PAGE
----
“We were much more attracted by the whole atmosphere in Ethiopia. There’s a lot of sunshine. The temperatures are moderate. It’s not too hot, not too cold. That’s why we are able to produce good flowers,” said Ammerlaan.

New jobs

About 1,500 hectares in Ethiopia are used to produce flowers. The fast-growing industry has directly created about 85,000 jobs and roughly 110,000 jobs indirectly. Women take up 80 percent of these jobs.

ZK Flowers is a flower farm 50 kilometers south of Addis Ababa. There are only a few men to be spotted on the eight-hectare flower fields, as women occupy all jobs from cleaning to production management.

Birke Gormis works six days per week in the fields of ZK Flowers. She said the industry has improved her life and that of her family. She said that since she is employed, she is not dependent on her husband when she wants to buy items at the market.

Kenya is currently Africa’s biggest flower exporter and Ethiopia is second. As Ethiopia aims to surpass Kenya in the coming years, it is focusing on penetrating the North American market.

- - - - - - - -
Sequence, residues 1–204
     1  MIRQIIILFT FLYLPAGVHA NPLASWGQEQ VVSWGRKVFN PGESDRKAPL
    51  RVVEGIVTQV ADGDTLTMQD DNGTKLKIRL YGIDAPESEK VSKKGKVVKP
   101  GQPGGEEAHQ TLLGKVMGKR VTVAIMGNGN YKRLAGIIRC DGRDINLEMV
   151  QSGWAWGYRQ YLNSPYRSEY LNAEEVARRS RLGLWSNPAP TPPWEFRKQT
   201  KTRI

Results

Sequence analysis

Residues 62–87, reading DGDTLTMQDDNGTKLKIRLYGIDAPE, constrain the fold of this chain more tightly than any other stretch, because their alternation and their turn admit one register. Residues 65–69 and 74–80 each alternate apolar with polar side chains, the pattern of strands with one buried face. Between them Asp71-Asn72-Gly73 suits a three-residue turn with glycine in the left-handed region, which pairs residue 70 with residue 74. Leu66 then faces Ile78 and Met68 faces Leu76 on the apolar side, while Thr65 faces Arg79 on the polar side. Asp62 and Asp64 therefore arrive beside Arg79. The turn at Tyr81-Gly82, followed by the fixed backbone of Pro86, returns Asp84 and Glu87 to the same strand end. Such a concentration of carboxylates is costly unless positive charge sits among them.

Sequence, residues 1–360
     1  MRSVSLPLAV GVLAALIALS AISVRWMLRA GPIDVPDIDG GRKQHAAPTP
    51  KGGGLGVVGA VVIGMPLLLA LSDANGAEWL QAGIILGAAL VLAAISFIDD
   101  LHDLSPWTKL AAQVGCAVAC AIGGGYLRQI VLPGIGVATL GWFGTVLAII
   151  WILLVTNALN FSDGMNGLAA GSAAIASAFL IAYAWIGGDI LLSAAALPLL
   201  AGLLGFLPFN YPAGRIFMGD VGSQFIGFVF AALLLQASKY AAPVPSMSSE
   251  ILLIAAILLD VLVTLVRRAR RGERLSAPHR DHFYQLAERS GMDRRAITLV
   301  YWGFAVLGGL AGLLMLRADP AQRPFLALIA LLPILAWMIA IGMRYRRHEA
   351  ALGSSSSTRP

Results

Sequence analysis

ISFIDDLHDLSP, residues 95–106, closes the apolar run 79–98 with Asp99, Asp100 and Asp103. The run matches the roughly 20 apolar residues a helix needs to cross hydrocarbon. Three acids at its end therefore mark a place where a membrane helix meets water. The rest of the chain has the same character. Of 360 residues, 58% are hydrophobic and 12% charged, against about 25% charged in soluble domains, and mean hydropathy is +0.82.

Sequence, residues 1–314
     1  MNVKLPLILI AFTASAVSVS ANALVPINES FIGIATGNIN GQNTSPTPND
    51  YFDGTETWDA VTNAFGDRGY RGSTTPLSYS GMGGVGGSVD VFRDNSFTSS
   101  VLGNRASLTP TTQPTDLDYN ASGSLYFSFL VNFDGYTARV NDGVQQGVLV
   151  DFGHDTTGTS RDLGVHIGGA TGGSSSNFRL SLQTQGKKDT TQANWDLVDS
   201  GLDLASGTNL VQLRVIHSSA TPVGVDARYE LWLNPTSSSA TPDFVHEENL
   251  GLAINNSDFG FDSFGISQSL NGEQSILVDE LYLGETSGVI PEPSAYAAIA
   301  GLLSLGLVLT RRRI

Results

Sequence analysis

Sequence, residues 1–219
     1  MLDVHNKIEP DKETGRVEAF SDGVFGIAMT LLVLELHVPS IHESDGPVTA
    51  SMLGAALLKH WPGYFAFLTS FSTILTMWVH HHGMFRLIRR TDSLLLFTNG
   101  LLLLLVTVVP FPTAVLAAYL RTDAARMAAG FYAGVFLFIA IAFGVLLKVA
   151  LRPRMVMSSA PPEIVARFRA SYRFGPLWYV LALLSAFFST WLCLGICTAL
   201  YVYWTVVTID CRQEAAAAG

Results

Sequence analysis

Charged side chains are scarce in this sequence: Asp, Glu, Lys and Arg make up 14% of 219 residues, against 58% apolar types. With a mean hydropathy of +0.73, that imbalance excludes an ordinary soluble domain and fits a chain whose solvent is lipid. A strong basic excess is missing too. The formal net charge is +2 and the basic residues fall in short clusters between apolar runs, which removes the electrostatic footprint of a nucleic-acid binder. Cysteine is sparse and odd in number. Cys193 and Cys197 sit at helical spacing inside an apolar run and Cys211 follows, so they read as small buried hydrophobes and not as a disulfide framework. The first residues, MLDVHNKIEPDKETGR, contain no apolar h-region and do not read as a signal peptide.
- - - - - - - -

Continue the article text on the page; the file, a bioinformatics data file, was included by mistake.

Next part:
You May Like

Cambodia Seeks Official UN Maps for Vietnam Border

Notice of request comes as 2 countries open border talks Tuesday after a clash last month More

From South Africa to Vietnam, Cyclists Deliver Message Against Rhino Horns

Appalled by poaching they saw firsthand, sisters embark on tour to raise awareness in countries where rhino horn products are in demand More

Uber Wants Johannesburg Police Protection

Request follows recent protests outside ride-hailing service's Johannesburg office More

This forum has been closed.
Comment Sorting
Comments
     
by: DAVID LULASA from: tambua,gimarakwa,hamisi,v
February 15, 2013 4:42 AM